In order to understand the spread of infectious diseases, we are often interested in the transmission relationship between pairs of cases. The use of pathogen sequences has revolutionized our ability to characterize the relationship between cases – by looking at the genetic sequence of the pathogen that made different individuals sick, we can reconstruct the spread of pathogens and identify factors associated with spread.
The Mathematical Modelling of Infectious Diseases Unit works in developing mathematical models that uses pathogen sequence data to better understand the epidemiology of different pathogens. In collaboration with Thai Ministry of Public Health, we have used Zika sequences to demonstrate that Zika virus has silently circulated in Thailand for 16+ years. This has clear implications for the ongoing surveillance for severe complications associated with Zika infected.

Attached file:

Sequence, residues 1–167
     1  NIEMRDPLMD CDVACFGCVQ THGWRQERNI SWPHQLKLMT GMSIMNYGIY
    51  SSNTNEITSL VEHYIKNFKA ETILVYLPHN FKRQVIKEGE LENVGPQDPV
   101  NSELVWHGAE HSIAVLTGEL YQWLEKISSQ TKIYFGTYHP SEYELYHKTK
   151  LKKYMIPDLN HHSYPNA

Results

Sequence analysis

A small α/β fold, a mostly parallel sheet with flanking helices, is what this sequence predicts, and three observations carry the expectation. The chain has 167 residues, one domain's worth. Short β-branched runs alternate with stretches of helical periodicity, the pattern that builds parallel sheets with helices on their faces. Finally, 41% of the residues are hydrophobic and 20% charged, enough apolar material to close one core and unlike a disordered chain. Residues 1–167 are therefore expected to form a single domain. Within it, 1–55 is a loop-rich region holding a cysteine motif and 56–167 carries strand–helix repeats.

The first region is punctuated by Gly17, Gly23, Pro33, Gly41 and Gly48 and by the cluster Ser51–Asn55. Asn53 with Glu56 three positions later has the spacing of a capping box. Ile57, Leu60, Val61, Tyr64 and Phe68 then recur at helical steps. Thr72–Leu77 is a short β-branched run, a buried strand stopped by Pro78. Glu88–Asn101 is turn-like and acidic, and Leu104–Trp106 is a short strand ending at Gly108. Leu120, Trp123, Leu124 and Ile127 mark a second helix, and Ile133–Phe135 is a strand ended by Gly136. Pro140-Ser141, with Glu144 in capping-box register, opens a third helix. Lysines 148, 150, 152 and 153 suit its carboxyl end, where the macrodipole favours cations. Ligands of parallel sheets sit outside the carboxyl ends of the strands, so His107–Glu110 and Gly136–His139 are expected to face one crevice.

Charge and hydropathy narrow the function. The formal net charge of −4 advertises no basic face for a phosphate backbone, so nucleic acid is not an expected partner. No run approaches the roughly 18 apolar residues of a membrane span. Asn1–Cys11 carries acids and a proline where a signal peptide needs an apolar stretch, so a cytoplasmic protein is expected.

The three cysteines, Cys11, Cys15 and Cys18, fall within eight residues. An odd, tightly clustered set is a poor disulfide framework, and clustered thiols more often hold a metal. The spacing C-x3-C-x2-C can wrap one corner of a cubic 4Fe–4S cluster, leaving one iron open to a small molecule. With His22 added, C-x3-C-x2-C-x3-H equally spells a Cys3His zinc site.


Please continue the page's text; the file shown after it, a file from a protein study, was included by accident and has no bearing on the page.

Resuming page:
The use of sequences is particularly useful for endemic pathogens, where the co-circulation of many different overlapping transmission chains can effectively hide the underlying patterns of spread. By sequencing thousands of dengue viruses from Thailand (where dengue has circulated for decades) in collaboration with the University of Florida, WRAIR and partners in Thailand, we have demonstrated that it takes one year for a viral strain to be well mixed throughout the country but that there is limited international spread. We are employing similar approaches with Bordetella Pertussis using full genome sequences from throughout Europe and over a 25 year time period, in collaboration with the French National Reference Center for Pertussis, based at Institut Pasteur (headed by Dr. Sylvain Brisse).